By on June 18, 2019

This year’s 24 Hours of LeMans was expectedly dominated by the two LMP1 entries from Toyota, but it wasn’t the expected car that won. LMP2 had a huge battle of its own, American-based IMSA teams challenged in GTE Pro, and the heartfelt GTE Am win changed after the end of the race.

After dominating for nearly the whole race and resetting the track record, the #7 Toyota Gazoo Racing TS050 Hybrid of Kamui Kobayashi, Mike Conway, and Jose Maria Lopez came in with a down tire. Upon going back out, they realized that the tire pressure sensor system was reporting the incorrect tire’s pressure and they had to come in once again. Driving the entire track with a low tire cost them dearly.

This relinquished their lead to the eventual winners, which were the #8 Toyota of Fernando Alonso, Kazuki Nakajima, and Sebstian Buemi. Completing 385 laps, they led only 46 of them, winning by only 16 seconds over their teammates. This was the second straight 1-2 finish in this order for the Toyota team at LeMans.

It is worth noting that the 3rd place car in LMP1 — and highest finishing non-hybrid — was only 6 laps behind they Toyota Hybrids. The Russian-backed #11 SMP Racing BR Engineering BR1 AER of Vitaly Petrov, Mikhail Aleshin, and Stoffel Vandoorne — all ex-F1 drivers — ran the 24-hour race trouble-free to secure their position.

LMP2 started with a massive 20-car field. After the G-Drive Racing #26 had led a fair bit of the race, the Signatech Alpine Matmut #36 of Nicolas Lapierre, André Negrao, and Pierre Thiriet would take over the lead and carry on for the win. Signatech Alpine repeats their victory from 2018 after G-Drive had initially won, but was later disqualified.

In GTE-Pro, there were 38 lead changes at the front of the 17-car class. As competitors were spaced out later in the race by full-course yellows and pace cars, the class victory would go to the #51 AF Corsa Ferrari 488 GTE of James Calado, Alessandro Pier Guidi and Daniel Serra. While there were several American-based IMSA teams competing, the final podium positions would go to the factory Porsches. In their final factory-backed efforts at LeMans, neither Ford nor BMW would reach the podium.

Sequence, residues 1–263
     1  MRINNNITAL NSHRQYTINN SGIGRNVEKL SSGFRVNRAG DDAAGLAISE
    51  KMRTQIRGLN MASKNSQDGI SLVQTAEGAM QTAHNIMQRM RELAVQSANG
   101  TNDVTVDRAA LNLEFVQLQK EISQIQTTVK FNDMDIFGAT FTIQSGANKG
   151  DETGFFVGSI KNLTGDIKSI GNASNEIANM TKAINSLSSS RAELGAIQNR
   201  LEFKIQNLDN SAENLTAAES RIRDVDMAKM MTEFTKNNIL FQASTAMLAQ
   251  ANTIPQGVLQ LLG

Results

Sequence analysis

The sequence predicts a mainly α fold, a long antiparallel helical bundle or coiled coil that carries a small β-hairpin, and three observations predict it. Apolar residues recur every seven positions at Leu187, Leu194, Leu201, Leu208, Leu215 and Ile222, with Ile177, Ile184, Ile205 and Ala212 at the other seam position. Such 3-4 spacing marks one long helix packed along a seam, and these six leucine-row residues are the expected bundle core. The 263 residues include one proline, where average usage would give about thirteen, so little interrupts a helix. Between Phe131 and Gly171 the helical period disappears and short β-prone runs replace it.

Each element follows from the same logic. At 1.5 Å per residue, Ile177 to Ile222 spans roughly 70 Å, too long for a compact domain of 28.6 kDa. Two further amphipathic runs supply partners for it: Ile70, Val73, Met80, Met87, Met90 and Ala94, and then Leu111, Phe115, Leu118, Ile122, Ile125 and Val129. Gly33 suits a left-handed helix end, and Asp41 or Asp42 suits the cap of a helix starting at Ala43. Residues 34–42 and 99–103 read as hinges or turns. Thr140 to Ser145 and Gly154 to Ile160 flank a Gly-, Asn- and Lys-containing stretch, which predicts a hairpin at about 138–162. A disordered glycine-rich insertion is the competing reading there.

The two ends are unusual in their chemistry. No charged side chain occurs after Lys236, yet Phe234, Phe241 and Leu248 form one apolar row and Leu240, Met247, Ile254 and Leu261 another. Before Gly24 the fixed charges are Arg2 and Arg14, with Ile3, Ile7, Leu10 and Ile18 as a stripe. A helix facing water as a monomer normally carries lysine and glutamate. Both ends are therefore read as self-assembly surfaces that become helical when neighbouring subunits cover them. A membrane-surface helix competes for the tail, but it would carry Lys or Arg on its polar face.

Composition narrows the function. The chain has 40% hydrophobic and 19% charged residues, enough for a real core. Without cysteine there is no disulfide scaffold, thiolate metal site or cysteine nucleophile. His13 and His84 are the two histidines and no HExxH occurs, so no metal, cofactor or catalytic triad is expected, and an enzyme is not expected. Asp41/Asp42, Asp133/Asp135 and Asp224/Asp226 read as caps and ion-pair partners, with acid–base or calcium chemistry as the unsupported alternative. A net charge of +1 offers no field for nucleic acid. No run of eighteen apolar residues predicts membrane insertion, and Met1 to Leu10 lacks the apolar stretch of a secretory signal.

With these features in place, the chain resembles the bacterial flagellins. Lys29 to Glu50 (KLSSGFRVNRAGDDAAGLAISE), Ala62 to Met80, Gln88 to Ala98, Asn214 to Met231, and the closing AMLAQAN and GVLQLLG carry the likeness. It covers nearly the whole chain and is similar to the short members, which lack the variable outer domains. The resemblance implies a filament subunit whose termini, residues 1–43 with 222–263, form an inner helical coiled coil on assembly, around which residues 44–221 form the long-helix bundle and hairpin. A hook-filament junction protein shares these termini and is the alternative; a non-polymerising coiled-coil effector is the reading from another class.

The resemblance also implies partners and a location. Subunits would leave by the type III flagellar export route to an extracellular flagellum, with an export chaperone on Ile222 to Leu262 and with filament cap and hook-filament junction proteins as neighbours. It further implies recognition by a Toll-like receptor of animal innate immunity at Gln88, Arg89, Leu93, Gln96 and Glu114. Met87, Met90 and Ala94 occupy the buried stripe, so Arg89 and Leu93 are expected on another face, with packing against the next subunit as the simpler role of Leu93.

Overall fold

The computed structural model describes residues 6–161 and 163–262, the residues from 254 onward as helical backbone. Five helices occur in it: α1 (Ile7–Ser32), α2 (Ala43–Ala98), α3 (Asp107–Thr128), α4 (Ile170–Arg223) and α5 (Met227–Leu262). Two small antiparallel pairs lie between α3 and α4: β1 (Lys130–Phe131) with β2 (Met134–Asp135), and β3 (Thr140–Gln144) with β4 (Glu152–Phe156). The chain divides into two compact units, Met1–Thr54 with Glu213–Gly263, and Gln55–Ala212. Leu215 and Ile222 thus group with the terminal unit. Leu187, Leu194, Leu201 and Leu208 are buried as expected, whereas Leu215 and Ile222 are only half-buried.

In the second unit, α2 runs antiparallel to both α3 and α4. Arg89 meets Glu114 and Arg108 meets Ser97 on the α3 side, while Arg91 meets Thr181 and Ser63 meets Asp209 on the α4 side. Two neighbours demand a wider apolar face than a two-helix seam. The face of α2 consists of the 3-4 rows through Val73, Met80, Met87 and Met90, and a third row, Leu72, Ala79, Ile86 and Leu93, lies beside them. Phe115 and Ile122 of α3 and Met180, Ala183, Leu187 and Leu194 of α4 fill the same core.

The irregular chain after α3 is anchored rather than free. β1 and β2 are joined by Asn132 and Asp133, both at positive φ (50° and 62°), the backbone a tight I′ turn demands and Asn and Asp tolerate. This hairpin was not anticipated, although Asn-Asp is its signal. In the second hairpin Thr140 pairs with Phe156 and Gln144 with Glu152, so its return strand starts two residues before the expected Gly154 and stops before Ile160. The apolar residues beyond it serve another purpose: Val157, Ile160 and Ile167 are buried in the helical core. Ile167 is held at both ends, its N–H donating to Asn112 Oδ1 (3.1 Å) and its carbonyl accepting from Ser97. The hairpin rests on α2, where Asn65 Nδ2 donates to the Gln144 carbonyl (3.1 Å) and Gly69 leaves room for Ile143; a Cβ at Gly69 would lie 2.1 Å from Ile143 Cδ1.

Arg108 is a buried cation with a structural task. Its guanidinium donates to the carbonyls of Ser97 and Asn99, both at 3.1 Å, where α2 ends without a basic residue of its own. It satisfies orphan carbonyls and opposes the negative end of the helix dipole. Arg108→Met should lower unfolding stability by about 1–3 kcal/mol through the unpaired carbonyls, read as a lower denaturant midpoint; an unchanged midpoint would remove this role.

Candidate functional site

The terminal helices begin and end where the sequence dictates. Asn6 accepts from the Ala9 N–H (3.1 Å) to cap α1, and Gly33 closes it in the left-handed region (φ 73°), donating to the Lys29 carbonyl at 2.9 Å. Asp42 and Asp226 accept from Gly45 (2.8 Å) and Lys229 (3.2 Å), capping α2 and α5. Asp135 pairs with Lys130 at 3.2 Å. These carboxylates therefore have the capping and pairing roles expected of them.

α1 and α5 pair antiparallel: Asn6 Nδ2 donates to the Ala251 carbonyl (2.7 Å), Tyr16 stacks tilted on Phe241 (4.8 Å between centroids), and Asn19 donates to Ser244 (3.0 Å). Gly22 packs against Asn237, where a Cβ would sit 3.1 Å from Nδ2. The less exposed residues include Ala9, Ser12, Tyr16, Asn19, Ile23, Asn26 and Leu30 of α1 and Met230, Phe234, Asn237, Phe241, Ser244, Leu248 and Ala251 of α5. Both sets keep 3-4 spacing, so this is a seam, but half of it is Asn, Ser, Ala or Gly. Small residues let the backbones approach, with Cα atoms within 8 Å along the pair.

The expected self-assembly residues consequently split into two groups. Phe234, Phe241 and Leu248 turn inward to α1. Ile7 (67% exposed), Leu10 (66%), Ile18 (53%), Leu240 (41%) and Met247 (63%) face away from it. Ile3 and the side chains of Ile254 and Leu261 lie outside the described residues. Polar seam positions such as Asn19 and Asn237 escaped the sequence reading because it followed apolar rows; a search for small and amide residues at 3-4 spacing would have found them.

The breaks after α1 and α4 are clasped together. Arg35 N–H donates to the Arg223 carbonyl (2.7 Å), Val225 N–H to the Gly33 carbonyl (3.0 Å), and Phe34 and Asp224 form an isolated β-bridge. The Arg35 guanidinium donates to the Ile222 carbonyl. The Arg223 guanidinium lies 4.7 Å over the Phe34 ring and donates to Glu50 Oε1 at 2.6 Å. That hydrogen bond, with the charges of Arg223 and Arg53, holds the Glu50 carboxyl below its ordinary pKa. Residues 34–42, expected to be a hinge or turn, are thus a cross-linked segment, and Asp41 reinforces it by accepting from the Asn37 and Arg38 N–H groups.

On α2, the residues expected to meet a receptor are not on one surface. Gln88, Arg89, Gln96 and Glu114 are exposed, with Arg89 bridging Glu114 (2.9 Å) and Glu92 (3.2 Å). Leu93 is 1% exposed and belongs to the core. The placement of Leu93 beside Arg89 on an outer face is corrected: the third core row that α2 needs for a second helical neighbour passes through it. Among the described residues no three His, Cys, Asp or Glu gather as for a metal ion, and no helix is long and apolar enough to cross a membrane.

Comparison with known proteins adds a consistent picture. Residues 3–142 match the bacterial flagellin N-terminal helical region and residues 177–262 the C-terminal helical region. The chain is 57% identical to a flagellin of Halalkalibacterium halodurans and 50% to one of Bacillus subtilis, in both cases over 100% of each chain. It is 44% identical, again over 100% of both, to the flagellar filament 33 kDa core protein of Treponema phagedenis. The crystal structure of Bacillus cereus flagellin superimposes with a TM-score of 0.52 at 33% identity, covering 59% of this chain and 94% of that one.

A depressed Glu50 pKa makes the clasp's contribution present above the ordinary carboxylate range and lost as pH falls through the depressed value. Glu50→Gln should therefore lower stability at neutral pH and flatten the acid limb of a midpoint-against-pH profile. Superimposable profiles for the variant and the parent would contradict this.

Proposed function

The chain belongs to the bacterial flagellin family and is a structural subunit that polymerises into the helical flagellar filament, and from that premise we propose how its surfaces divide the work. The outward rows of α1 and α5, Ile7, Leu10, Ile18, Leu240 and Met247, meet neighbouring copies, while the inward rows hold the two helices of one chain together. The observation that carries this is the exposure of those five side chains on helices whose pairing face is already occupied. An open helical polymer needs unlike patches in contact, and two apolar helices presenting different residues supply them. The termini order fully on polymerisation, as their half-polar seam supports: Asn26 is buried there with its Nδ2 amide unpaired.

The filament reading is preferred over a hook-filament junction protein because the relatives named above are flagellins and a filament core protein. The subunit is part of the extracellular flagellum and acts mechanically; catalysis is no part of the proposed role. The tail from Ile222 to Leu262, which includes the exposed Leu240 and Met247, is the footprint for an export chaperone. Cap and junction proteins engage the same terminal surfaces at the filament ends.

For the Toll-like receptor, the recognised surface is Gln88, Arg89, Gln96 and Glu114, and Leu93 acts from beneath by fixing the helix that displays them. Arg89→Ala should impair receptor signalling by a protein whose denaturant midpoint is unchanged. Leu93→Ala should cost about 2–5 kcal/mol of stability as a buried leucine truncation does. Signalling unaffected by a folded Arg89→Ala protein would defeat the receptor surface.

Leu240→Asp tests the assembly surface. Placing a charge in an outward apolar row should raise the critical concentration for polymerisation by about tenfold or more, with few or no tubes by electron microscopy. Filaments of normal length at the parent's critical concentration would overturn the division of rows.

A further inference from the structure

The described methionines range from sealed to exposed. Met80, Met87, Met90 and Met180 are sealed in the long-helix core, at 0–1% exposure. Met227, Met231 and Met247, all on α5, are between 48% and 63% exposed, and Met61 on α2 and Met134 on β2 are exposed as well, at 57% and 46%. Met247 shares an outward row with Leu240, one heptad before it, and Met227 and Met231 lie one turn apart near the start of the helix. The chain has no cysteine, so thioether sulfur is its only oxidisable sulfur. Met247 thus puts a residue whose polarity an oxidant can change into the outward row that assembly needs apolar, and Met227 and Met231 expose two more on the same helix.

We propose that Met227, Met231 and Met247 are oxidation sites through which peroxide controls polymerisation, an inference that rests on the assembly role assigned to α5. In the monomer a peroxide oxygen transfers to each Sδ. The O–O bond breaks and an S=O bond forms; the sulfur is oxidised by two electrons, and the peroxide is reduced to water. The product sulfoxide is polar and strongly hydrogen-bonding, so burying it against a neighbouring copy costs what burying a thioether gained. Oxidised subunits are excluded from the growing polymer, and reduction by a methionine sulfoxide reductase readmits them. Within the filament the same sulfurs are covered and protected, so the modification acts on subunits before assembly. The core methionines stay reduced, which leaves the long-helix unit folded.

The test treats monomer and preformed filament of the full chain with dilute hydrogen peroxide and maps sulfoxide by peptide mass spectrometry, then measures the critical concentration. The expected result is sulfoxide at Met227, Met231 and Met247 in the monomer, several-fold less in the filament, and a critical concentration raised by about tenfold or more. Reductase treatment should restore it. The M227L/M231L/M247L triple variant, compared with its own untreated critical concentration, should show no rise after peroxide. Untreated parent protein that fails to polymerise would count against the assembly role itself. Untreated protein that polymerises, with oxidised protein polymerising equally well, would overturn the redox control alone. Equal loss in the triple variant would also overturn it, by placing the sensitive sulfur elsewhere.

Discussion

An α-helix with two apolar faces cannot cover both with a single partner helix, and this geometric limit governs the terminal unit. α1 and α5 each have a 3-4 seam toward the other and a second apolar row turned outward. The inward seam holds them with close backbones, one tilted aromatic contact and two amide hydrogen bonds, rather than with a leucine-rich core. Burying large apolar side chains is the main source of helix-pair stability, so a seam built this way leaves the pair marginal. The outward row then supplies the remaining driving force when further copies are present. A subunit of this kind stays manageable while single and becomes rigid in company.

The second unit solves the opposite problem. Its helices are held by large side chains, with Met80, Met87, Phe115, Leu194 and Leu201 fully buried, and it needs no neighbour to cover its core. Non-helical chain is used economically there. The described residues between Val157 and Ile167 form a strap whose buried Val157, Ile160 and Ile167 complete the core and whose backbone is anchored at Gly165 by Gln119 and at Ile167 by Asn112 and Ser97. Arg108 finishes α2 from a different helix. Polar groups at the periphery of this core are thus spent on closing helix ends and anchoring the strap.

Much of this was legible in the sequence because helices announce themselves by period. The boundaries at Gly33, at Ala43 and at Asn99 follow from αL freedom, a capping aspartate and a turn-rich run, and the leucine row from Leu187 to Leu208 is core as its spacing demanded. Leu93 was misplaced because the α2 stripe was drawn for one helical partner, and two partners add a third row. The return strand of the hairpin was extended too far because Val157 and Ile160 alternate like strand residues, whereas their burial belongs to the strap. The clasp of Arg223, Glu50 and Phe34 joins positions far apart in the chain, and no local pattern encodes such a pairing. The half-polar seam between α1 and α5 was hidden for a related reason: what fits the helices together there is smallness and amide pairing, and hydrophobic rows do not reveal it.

The post-race technical infractions uprooted the GTE-Am class finishes. After American car dealer and racer Ben Keating’s #85 Ford GT won what was a one-off race for them, the fueling infractions came to light. At first, it was a fueling rate issue that resulted in a 55.2-second time penalty being assessed. This dropped them to 2nd in class. But later measurements of their fuel tank capacity showed them to be 0.1 liters over the 96-liter limit. This resulted in an outright disqualification and the same fate was suffered by the #68 Ford Chip Ganassi Racing GT that had initially finished 4th.

The final results in GTE-Am resulted in a victory for the #56 Team Project 1 Porsche of Patrick Lindsay, Jorg Bergmeister, and Egidio Perfetti. The #84 JMW Motorsport Ferrari was promoted to 2nd and the #62 WeatherTech Racing Ferrari inherited 3rd.

[Images: Toyota; Ferrari; ACO; Ford; FIA]

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7 Comments on “Incredible LeMans Finishes Spoiled by Technical Infractions...”

  • avatar

    Just like Nascar, rolling ads. Ridiculous.

  • avatar

    Wow, what a bummer about the Ford GTs – 3.38 ounces over capacity in the fuel cells? Wow. Also, their final factory backed efforts – so they quit, because they couldn’t get on the podium?

    And what happened with the Corvettes? I saw one of them crash on Saturday, after the driver clipped another car (a Porsche) while overtaking.

  • avatar

    I still remember the Ford GT win back in the 60s and how cool that was. I totally fell in love with the car at that time (along with Jim Hall’s Chaparral). Kind of a drag the team weren’t able to win this one, especially due to a technical infraction. I guess, in a certain way, they did still win – just not officially.

  • avatar

    The Ford in the LM GT Am class was a privateer entry; those in the LM GTE Pro class were the factory entries.

    Ford stopped their factory effort but likely there will be privateer entries for a few more years until the cars become obsolete.

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